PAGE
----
The value of linking hospital discharge and mortality data for comparative effectiveness research.

Journal of comparative effectiveness research

PubMedID: 24236559

Mark TL, Lawrence W, Coffey RM, Kenney T, Chu BC, Mohler ER, Steiner C. The value of linking hospital discharge and mortality data for comparative effectiveness research. J Comp Eff Res. 2013;2(2):175-84.
Linkage of US state hospital discharge records to state death certificate records offers the possibility of tracking long-term mortality outcomes across large, diverse patient populations, which may be useful for comparative effective analyses.

To demonstrate the value of linking state community hospital discharge data to vital statistics death files for research by conducting a comparative effectiveness analysis.

Linked Patient Discharge Data and Vital Statistics Death Files from the California Office of Statewide Health Planning and Development were used to compare survival rates for patients with an elective repair for abdominal aortic aneurysm who received open aneurysm repair (OAR) versus endovascular aneurysm repair (EVAR). The sample consisted of 13,652 hospitalized patients who underwent an OAR or EVAR for abdominal aortic aneurysm between 1 July 2000 and 31 January 2006. Patients were matched using propensity scores (8966 patients in the matched sample). In-hospital, 30-day, 1-year and 5-year mortality rates were compared between the OAR and EVAR populations, before and after propensity score matching.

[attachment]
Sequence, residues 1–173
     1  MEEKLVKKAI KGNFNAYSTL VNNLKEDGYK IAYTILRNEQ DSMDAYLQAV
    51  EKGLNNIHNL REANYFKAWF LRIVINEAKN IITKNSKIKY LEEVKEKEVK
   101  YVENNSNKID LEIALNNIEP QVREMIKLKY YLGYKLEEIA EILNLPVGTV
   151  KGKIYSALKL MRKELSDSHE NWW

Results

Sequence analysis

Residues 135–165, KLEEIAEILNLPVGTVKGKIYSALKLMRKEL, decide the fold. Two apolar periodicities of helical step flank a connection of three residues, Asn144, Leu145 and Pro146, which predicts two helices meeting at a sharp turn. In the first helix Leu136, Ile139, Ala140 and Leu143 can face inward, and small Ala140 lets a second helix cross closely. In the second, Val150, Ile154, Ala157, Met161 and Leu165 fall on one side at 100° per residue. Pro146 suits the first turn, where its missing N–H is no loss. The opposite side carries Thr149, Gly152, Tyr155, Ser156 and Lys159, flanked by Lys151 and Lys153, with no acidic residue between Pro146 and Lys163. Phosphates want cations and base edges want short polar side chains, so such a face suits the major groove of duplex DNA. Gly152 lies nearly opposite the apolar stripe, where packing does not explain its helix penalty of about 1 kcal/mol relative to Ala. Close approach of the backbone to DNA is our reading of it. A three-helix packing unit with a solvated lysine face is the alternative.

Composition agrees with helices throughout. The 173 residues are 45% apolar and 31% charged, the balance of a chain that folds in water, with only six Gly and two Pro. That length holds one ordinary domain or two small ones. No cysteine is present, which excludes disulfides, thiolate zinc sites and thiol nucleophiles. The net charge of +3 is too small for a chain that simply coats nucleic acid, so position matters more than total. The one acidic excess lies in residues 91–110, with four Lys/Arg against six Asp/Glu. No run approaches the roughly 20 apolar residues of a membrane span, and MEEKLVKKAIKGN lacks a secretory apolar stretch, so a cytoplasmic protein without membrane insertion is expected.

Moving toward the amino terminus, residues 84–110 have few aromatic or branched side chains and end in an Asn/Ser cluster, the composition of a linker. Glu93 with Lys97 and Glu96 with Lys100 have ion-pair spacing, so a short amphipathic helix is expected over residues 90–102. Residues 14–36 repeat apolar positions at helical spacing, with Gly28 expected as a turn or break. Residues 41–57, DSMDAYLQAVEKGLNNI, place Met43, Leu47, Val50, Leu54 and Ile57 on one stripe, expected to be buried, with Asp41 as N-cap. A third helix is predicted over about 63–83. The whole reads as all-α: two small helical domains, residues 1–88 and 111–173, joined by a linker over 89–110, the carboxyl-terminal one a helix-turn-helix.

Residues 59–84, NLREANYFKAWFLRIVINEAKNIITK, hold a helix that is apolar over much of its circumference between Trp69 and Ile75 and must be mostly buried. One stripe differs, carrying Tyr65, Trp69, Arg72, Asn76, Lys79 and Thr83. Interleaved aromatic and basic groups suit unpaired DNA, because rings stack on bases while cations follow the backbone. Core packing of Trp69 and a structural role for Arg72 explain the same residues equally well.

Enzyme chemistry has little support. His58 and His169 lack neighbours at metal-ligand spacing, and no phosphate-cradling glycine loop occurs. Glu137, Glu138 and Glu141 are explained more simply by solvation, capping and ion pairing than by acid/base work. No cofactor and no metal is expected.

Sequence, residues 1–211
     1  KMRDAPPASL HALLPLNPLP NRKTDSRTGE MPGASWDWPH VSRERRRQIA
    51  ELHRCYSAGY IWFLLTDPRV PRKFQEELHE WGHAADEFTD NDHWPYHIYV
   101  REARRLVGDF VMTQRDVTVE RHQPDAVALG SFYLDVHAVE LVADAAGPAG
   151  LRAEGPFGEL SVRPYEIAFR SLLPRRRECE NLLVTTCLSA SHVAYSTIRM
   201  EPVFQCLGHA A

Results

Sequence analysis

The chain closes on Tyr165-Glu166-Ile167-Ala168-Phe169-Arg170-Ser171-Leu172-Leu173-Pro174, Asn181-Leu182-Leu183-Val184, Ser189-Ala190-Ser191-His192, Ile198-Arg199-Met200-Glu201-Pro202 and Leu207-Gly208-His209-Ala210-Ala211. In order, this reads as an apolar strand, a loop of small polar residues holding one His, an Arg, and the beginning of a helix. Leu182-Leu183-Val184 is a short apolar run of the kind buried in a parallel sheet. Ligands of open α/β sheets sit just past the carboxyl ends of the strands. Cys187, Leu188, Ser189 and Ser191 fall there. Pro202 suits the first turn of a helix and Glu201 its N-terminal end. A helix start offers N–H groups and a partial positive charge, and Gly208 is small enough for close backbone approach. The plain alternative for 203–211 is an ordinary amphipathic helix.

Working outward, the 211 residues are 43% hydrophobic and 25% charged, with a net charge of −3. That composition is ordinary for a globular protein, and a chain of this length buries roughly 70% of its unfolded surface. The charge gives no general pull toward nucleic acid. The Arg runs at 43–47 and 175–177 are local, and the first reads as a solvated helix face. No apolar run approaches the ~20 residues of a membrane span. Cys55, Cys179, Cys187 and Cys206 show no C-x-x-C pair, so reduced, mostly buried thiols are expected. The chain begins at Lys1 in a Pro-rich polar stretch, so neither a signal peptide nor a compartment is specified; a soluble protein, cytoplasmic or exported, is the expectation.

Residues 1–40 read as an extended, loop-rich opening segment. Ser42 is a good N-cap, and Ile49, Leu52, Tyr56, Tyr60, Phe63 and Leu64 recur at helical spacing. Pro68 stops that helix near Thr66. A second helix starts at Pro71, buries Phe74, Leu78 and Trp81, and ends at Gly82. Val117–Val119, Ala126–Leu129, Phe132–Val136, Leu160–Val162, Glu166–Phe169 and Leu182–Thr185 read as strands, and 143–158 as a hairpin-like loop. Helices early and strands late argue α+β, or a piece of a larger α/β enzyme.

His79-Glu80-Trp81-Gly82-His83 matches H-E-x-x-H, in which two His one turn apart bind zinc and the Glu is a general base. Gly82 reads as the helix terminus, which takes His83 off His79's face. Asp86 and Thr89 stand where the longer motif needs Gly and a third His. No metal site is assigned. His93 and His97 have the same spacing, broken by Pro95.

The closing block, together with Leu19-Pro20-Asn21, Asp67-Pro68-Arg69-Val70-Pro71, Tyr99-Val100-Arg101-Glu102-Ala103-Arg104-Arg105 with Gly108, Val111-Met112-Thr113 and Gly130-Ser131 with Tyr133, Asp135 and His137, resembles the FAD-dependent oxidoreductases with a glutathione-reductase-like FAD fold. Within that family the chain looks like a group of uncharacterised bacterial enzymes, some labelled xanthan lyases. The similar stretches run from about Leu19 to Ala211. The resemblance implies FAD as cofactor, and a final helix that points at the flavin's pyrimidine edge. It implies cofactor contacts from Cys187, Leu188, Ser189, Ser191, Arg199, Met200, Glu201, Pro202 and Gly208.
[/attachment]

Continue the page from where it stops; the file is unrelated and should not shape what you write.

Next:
We found a few data anomalies (92 out of 13,652), primarily in patients' sex and date of death. The analysis revealed that in the matched cohort, in-hospital and 30-day postdischarge mortality rates were significantly lower following EVAR than OAR; however, consistent with previous clinical trials, differences in the 1- and 5-year rates were not statistically significant.

The study demonstrates that linked US state discharge and mortality data can be a valuable resource for comparative effectiveness analyses. In particular, this approach may be useful when generally available data sets such as Medicare claims data limit the generalizability of findings. Policy-makers and others should consider greater investments in these data.